The 20% of tasks that cause the majority of your headaches, the things you absolutely hate doing, need to be outsourced right away. For me, this was printing shipping labels. I resisted for a long time because I felt like it was private information or something I couldn’t teach somebody else to do.
I felt like nobody could print shipping labels exactly how I could.
I’ll let that sink in for a second.
Sounds ridiculous, right?
6. Outsource the things you hate. Do it today.
Next, look at your key performance indicators (KPIs). These are the numbers you look at to look at factors that are key to your business’s continued success. They could be members/users, sales, revenue, followers, etc. You could have different KPIs for marketing, sales, traffic, etc.
Breaking down the data from those KPIs and seeing what is causing the largest gain in all of them is essential if you want to focus your effort on the things that truly matter. We aren’t in the wild west ‘Mad Men’ days of advertising where if we ran an ad and sales went up, we gave credit to the ad campaign. With all of the technology and sophistication we have available to use, we can find out where our traffic, sales, followers, etc. are coming from. Going deeper into this is a bit outside the scope of this book, but if you suck with analytics, like I do, you can use a simple hack that I used in my Jiu Jitsu business.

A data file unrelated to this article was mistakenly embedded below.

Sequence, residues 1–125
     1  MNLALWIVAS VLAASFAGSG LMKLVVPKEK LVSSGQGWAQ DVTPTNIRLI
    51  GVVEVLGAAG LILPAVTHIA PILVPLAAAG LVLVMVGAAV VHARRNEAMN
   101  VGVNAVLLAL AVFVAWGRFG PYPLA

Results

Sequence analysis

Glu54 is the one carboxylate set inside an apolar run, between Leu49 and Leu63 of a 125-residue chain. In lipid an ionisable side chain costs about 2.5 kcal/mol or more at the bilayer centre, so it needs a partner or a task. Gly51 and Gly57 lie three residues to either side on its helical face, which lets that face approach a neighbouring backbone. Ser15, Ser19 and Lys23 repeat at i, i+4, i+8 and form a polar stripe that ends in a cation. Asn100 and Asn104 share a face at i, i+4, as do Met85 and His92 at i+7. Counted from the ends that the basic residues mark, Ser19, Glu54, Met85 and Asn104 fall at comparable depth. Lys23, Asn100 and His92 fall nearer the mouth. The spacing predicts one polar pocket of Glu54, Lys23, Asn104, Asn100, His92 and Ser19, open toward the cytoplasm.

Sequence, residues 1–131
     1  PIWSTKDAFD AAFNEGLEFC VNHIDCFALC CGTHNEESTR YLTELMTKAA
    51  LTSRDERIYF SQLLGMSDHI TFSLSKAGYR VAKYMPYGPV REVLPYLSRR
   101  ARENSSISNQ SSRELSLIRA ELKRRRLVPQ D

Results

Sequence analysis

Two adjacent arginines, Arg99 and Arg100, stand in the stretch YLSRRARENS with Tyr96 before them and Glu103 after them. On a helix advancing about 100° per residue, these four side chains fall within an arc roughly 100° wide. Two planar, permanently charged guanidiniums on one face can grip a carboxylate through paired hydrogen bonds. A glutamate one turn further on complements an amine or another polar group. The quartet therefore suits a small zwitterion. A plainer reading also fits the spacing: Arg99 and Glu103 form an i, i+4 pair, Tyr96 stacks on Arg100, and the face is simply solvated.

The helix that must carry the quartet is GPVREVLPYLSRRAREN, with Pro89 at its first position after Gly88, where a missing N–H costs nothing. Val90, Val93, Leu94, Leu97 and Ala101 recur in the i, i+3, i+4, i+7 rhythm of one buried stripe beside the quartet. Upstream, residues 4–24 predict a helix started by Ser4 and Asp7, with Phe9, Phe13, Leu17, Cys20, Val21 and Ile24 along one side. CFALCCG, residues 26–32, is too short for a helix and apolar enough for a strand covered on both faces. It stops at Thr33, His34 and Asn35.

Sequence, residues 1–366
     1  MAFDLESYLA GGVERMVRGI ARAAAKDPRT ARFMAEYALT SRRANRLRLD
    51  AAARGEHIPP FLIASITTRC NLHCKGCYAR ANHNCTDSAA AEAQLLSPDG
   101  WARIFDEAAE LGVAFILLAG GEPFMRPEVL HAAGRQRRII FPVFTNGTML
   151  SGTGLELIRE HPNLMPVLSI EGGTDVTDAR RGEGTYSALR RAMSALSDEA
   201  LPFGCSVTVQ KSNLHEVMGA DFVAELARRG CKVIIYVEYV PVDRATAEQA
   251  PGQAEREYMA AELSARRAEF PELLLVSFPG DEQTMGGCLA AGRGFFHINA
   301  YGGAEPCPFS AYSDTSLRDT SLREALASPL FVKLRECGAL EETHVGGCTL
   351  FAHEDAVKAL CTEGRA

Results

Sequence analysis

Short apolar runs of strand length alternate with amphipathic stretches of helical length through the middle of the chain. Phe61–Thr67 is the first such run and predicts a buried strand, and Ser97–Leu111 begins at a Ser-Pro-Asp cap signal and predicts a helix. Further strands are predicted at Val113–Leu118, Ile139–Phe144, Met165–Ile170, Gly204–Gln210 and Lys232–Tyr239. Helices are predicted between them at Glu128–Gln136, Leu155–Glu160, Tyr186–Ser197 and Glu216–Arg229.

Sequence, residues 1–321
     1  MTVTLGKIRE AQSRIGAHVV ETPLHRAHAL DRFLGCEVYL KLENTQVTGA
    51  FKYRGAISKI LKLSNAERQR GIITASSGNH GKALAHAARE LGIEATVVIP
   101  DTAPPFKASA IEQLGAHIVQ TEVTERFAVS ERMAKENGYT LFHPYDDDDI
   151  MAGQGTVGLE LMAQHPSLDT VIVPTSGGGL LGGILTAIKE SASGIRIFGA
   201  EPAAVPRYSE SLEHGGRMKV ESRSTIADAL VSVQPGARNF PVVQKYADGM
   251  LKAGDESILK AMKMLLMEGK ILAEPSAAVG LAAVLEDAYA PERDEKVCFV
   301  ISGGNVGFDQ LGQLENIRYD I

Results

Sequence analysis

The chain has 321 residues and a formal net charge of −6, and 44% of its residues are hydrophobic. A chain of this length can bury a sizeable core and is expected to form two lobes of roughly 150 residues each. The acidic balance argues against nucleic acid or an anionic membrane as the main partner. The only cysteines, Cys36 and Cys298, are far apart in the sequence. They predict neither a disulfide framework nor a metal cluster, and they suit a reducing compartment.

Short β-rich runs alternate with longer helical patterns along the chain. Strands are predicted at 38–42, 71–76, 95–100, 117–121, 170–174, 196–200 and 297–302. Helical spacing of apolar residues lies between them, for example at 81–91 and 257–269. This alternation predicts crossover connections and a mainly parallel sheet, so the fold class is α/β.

For my jiu jitsu company, I use discount codes to track where sales are coming from. I do this for a few reasons that aren’t relevant here, but what is, is I can see where it’s most important to spend my time. I have a discount code in my forum signature that get’s used <5 times per month and I have over 8,000 posts there.